Frederick Wiseman has made first-rate documentaries on his own terms for a half century, delving into the nuances of institutions and communities from the inside out. From his seminal 1967 portrait of a mental hospital in “Titicut Follies” to last year’s “Ex Libris: The New York Public Library,” the 88-year-old non-fiction legend continues to shoot and edit his sprawling portraits with a slow-burn, inquisitive style unparalleled in his field. You don’t watch Wiseman movies, which are often distinguished by epic running times, so much as you live in them.
“Ex Libris” is no exception, but recent events turned this 197-minute deep-dive into the functions of the city’s literary institution brought a whole new context to the project, even to the filmmaker himself.
“Trump made it a political film because it represents, in my mind, everything he doesn’t believe in or doesn’t understand,” Wiseman said, on the phone from his home base in Paris. “The movie itself is not ideological, but in the current political atmosphere, it becomes that.”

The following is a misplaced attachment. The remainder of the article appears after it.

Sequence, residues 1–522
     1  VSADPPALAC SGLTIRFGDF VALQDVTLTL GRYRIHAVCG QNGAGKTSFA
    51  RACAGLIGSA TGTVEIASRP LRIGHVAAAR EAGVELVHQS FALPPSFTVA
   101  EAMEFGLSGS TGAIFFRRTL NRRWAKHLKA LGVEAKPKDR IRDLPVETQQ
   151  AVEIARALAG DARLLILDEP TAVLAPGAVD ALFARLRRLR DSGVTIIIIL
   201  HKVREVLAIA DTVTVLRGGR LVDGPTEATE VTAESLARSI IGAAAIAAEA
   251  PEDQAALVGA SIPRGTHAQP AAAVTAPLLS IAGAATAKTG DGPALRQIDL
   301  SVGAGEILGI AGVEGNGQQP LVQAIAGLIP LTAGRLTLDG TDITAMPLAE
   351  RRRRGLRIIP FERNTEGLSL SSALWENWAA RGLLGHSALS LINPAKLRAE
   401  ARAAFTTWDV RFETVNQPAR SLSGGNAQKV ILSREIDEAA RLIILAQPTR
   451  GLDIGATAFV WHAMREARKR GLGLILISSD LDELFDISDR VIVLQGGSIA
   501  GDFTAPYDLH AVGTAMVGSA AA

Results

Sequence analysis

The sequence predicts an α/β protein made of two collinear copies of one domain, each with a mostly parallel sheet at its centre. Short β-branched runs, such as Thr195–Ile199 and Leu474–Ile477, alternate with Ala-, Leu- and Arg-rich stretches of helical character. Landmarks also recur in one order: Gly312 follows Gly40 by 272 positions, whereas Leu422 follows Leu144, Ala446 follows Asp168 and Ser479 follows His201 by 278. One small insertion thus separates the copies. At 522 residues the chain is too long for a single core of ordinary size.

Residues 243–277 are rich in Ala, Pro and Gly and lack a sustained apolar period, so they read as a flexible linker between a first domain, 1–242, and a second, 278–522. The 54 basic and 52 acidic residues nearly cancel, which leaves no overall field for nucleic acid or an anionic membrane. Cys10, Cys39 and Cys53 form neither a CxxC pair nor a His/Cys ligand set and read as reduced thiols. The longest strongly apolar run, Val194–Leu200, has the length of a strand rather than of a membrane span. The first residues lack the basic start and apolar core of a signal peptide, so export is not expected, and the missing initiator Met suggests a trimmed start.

In fact, by its very existence, “Ex Libris” celebrates an intellectual process under constant threat by today’s governance. A brilliant three-hour-plus meditation on social consciousness may face tough competition in the Oscar race — where crowdpleasers like the Jane Goodall portrait “Jane” and “Faces Places” hold momentum alongside the timely Russian doping exposé “Icarus” — but “Ex Libris” did manage to crack the 15-movie documentary shortlist, and deserves serious consideration from any engaged Academy voter attuned to the best options on the ballot.
Though the indefatigable Wiseman tends to plow ahead with one project after another, “Ex Libris” has remained in the conversation with Gotham and Cinema Eye nominations in addition to the shortlist, and the filmmaker has taken the opportunity to explore the new context that Trump has brought to the project.